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Hoffmann, R. A wiki for the life sciences where authorship matters. Nature Genetics (2008)

A gene at 59 minutes on the Escherichia coli chromosome encodes a lipoprotein with unusual amino acid repeat sequences.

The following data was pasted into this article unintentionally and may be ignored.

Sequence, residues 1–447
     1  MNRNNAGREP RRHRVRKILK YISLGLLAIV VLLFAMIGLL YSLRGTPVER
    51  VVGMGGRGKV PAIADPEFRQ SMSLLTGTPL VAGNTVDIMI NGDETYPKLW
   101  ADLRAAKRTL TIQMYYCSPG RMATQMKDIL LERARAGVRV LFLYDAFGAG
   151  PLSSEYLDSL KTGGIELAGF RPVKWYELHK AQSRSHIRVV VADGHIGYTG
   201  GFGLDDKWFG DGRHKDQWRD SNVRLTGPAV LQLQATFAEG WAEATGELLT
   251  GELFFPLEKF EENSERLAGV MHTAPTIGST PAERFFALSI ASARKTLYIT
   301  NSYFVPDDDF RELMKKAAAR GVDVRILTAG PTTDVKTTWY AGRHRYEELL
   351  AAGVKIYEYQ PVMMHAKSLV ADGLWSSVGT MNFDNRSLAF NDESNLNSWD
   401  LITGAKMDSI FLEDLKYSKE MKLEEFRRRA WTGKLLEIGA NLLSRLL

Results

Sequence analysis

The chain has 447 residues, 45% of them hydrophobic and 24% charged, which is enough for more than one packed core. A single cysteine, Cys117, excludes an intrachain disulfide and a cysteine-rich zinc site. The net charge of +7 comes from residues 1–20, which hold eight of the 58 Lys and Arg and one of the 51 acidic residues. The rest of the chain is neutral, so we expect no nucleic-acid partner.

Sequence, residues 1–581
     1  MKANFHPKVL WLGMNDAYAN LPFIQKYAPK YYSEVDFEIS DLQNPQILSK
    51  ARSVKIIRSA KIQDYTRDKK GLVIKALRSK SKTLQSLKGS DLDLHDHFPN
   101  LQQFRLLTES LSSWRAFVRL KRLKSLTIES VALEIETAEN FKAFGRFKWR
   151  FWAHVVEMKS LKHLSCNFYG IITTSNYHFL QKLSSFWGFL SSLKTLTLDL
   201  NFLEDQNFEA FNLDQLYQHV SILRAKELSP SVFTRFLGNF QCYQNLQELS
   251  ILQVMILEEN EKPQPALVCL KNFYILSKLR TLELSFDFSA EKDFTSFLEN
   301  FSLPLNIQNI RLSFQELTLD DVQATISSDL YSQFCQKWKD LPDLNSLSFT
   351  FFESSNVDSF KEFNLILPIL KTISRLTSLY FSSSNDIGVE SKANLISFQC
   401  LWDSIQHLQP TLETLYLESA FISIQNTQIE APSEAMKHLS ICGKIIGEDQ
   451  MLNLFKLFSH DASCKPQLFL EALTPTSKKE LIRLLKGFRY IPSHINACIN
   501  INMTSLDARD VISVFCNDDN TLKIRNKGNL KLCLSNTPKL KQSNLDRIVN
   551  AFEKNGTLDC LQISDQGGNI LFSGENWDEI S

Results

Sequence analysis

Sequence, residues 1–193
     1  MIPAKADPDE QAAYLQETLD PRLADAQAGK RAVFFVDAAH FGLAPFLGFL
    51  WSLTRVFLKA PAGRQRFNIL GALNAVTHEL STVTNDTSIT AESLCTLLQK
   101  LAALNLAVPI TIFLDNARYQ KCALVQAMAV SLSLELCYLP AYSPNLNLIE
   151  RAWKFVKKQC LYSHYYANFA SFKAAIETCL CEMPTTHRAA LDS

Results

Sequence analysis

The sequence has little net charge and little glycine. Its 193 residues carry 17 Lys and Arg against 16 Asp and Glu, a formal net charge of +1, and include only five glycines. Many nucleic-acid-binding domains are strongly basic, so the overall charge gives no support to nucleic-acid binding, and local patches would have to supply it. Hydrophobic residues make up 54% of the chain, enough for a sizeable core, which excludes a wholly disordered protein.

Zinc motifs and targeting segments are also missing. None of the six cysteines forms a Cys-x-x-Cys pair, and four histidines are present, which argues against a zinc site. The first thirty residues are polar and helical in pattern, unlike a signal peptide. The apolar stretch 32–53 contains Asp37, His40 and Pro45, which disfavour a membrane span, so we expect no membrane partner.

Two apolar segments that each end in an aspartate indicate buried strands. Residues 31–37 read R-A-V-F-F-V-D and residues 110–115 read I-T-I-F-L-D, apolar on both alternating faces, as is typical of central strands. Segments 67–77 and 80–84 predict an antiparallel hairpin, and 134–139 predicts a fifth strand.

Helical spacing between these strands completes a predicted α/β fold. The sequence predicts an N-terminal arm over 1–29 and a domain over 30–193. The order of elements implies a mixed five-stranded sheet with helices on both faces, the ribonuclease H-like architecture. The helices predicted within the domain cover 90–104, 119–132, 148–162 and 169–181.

We report a 1.432-kb DNA sequence at 59 min on the Escherichia coli chromosome that connects the published sequences of the pcm gene for the isoaspartyl protein methyltransferase and that of the katF or rpoS (katF/rpoS) gene for a sigma factor involved in stationary-phase gene expression. Analysis of the DNA sequence reveals an open reading frame potentially encoding a polypeptide of 379 amino acids. The polypeptide sequence includes a consensus bacterial lipidation sequence present at residues 23 to 26 (Leu-Ala-Gly-Cys), four octapeptide proline- and glutamine-rich repeats of consensus sequence QQPQIQPV, and four heptapeptide threonine- and serine-rich repeats of consensus sequence PTA(S,T)TTE. The deduced amino acid sequence, especially in the C-terminal region, is similar to that of the Haemophilus somnus LppB lipoprotein outer membrane antigen (40% overall sequence identity; 77% identity in last 95 residues). The LppB lipoprotein binds Congo red dye and has been proposed to be a virulence determinant in H. somnus. Utilizing a plasmid construct with the E. coli gene under the control of a phage T7 promoter, we demonstrate the lipidation of this gene product by the incorporation of [3H]palmitic acid into a 42-kDa polypeptide. We also show that treatment of E. coli cells with globomycin, an inhibitor of the lipoprotein signal peptidase, results in the accumulation of a 46-kDa precursor. We thus designate the protein NlpD (new lipoprotein D). E. coli cells overexpressing NlpD bind Congo red dye, suggesting a common function with the H. somnus LppB protein. Disruption of the chromosomal E. coli nlpD gene by insertional mutagenesis results in decreased stationary-phase survival after 7 days.[1]


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